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Chem Biol Interact. 2008 Jan 30;171(2):204-11. doi: 10.1016/j.cbi.2007.11.006. Epub 2007 Nov 22.

The use of PSA as biomarker in nutritional intervention studies of prostate cancer.

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1
Department of Urology, Erasmus MC, Rotterdam, The Netherlands. w.vanweerden@erasmusmc.nl

Abstract

Epidemiological evidence suggests that environmental factors, such as diet, play a role in the development and progression of prostate cancer (PC). The number of potential protective dietary compounds or whole dietary products that are indicated to have preventive effects is piling up and demands further evaluation. The number of options urges for a reliable high-throughput screening system. To face this growing field, we suggest a strategy that combines prostate-specific antigen (PSA)-based clinical trials with experimental human xenograft studies to evaluate potential chemopreventive agents for PC. This review describes the first results that have come available using this method. In Rotterdam, two nutrition-based tertiary chemoprevention trials were conducted in patients aiming to delay progression of minimal PC. In these studies two different supplements were used both consisting of a (different) mixture of components reported to be related to cancer prevention. PC patients that were locally treated but had rising levels of circulating PSA of unknown origin were randomised into a double-blind, placebo-controlled study with a crossover design. PSA kinetics was followed during the two intervention periods. The time frame of the study design was 6 months. Results of these intervention studies showed increased PSA doubling times after dietary supplementation as compared to placebo. The lack of information on tumor burden in these patients requires the need for additional xenograft studies that can provide supplement-induced PSA and tumor responses. Such parallel experimental studies will enable to validate PSA as a biomarker for tumor volume response and may link clinical PSA kinetics to actual tumor response. For one of the clinical study, such an experimental confirmation study was performed. The dietary supplement similar to what was used in the clinical study was administered to animals that were injected intraprostatically with human PC-346C cells. Responses on tumor growth and PSA were recorded over time and allowed to monitor a potential differential effect on PSA or tumor growth. This animal study revealed no difference in response as determined by tumor volume or PSA release between supplemented and placebo mice, and confirmed that PSA levels reflected tumor response under this specific dietary intervention. We propose that the strategy of PSA-based early phase II clinical trials accompanied by experimental human xenograft studies, to assess the reliability of PSA response to reflect tumor response, allows for a concise, relatively fast test system that is able to screen the various treatment options for chemoprevention in a relatively short period of time.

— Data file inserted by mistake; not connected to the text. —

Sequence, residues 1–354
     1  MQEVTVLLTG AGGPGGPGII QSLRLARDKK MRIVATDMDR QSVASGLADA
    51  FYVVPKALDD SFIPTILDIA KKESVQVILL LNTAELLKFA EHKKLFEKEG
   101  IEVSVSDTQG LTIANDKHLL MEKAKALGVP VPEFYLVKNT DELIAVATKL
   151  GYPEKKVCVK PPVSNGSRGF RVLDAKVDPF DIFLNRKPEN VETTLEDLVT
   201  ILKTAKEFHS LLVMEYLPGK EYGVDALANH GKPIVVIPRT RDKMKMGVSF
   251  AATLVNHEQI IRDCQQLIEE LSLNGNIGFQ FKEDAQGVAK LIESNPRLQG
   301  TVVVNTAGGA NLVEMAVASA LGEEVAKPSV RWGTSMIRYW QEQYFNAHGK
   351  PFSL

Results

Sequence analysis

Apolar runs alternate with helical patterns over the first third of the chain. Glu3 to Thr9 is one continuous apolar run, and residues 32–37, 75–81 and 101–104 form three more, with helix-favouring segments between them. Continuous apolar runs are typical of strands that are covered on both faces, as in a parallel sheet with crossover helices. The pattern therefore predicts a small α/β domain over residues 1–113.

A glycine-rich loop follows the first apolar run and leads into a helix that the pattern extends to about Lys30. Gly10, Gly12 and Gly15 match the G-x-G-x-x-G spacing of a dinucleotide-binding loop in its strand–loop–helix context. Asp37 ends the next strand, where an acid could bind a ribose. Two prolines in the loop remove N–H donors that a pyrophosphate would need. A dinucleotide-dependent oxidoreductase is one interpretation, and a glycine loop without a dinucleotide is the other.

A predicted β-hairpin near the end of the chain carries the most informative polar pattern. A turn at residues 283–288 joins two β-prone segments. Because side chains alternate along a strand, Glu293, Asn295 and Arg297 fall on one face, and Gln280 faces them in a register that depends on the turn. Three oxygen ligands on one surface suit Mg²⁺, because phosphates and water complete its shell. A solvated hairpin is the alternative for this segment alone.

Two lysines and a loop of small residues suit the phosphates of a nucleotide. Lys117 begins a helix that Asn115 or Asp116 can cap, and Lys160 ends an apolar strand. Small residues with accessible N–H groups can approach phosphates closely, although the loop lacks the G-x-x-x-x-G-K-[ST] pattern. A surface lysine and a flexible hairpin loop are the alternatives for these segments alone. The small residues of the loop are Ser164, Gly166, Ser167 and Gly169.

PMID:
18177847
DOI:
10.1016/j.cbi.2007.11.006
[Indexed for MEDLINE]
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